Where Do We Go from Here?

23 11 2010

Yesterday was the National Day of Blogging for Education Reform. So many passionate educators shared their values, beliefs, and ideas with the media, political figures, and citizens who care about the state of education in this country, and it was very clear that these real educators–not educational pundits–truly know where our system needs to go. But here’s the real challenge: Where do we go from here?

How do we begin to put our thoughts into acts? How do we change our beliefs into practice? There’s no easy (or single) answer for that. But, in the end, it will be educators’ actions that will truly drive the education reform our country so desperately needs.

Because in a system where so much seems to be out of our control, there’s one thing that remains within it: our classrooms.

How can we make our classrooms learning communities instead of test-prep centers where we and the students are equally demoralized? I’m sure the answers to this question will be as unique as each of the people reading this blog, but for me, here are my public commitments to my students:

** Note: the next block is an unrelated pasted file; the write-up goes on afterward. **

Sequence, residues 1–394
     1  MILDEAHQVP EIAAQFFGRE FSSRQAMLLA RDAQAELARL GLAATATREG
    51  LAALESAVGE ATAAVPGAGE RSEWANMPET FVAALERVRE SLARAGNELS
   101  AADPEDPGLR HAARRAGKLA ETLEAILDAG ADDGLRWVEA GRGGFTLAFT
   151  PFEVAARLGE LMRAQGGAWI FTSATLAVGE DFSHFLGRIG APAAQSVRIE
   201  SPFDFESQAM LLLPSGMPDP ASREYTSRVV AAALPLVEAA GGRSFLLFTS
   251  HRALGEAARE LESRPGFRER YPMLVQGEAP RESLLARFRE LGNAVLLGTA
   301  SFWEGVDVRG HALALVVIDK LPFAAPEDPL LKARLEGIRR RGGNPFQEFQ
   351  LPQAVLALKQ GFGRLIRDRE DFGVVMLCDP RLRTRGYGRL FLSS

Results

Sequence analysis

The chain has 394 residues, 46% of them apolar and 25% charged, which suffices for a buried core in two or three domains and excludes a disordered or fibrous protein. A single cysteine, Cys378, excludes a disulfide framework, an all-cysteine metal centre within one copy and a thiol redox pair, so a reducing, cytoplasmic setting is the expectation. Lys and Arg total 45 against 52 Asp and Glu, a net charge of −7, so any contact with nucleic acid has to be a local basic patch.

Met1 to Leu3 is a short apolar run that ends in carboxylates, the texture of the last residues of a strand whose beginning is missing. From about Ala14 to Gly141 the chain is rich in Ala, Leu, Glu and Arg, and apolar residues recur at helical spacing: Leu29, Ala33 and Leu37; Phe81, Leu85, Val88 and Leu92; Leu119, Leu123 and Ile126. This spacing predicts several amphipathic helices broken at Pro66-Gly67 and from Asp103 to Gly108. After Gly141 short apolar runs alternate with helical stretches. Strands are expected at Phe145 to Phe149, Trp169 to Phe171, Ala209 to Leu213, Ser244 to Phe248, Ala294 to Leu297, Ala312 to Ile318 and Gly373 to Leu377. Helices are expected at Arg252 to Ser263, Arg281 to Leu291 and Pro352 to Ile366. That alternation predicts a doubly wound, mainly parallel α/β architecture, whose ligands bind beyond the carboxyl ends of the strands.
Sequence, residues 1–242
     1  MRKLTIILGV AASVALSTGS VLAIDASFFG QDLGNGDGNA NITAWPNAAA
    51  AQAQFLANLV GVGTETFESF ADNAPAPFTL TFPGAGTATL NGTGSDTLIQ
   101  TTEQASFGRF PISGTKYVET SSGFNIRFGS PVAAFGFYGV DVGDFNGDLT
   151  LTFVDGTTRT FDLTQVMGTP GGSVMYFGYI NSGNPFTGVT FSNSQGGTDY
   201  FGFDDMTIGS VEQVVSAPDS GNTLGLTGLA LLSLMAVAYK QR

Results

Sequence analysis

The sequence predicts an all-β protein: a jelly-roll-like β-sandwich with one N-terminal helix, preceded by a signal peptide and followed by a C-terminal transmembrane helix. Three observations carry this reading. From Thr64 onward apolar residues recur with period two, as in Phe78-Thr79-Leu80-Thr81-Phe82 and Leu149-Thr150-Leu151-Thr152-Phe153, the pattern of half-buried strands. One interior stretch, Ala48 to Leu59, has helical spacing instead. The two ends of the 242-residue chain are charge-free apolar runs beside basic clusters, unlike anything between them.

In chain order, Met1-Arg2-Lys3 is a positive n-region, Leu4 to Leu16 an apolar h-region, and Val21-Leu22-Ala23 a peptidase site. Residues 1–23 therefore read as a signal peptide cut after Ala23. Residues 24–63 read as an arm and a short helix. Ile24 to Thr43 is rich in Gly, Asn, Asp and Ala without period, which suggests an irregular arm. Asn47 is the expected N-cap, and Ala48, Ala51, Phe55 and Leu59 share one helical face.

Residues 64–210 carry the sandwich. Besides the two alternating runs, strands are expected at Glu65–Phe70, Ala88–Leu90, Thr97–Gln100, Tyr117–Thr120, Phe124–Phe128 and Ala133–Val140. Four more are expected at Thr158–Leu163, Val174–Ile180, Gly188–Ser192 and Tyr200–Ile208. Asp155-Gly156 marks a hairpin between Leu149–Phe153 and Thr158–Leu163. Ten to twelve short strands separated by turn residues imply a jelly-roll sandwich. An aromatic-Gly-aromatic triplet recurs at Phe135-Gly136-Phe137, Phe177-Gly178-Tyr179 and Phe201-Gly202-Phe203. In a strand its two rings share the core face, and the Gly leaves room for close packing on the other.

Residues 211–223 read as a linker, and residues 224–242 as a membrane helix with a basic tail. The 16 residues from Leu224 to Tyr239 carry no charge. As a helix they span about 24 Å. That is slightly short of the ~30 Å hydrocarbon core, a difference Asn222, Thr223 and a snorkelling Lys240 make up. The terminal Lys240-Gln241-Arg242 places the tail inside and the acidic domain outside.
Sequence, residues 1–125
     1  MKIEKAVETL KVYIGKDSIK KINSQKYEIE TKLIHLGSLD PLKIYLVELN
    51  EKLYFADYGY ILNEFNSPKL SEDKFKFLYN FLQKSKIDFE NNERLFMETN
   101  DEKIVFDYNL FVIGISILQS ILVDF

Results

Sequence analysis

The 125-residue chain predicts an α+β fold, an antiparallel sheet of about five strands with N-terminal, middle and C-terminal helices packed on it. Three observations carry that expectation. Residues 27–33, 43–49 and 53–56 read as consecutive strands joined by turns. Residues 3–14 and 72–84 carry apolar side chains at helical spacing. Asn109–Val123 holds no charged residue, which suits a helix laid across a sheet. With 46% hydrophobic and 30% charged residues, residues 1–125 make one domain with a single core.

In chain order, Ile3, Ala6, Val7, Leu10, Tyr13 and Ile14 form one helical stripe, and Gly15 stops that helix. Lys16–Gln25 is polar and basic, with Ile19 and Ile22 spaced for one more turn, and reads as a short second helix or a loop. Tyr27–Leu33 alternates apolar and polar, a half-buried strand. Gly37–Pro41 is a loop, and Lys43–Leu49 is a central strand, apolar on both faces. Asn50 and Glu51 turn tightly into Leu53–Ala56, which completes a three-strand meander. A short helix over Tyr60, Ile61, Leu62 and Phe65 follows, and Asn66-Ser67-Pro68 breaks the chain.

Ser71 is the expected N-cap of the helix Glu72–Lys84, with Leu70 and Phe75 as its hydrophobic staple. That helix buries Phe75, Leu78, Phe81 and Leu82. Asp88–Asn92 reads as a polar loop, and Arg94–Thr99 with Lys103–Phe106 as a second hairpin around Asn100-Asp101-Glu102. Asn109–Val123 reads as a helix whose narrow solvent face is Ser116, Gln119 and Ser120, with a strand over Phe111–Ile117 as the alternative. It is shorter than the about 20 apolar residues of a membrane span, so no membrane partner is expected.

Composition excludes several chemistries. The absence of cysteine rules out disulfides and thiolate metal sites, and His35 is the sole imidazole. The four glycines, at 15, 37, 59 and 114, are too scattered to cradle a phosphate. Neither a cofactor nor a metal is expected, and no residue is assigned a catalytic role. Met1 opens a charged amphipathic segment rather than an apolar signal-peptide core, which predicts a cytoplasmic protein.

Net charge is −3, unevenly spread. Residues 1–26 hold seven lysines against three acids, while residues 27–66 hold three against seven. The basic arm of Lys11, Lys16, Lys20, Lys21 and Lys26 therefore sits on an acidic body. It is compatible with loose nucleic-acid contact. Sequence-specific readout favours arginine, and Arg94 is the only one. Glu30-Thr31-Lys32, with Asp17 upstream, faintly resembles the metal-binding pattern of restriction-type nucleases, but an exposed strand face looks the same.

1. I commit to knowing my students well. This means knowing the different ways they are all smart and meeting them where they are in an effort to help them see previously unimaginable possibilities.

2. I commit to respecting their input, even if sometimes it’s difficult to hear.

3. I commit to asking them to assess themselves.

4. I commit to engage them in my class by allowing them to discuss their thoughts and ideas frequently.

5. I commit to provide opportunities to use what they’ve learned in (multiple) authentic ways with authentic audiences.

6. I commit to give frequent and constructive feedback about their progress.

7. I commit to caring about their lives and realizing that sometimes those lives may take precedence over a reading assignment.

8. I commit to having equally high expectations for all my students, regardless of race, perceived ability, socioeconomic status, or previous success in school.

9. I commit to providing my students with a clear picture of where we’re going and why it’s important.

10. I commit to always do what’s best for my students according to educational research, not politicians, billionaires, or or CEOs/business owners/journalists-turned-education experts.

This is my pledge. Now it’s your turn.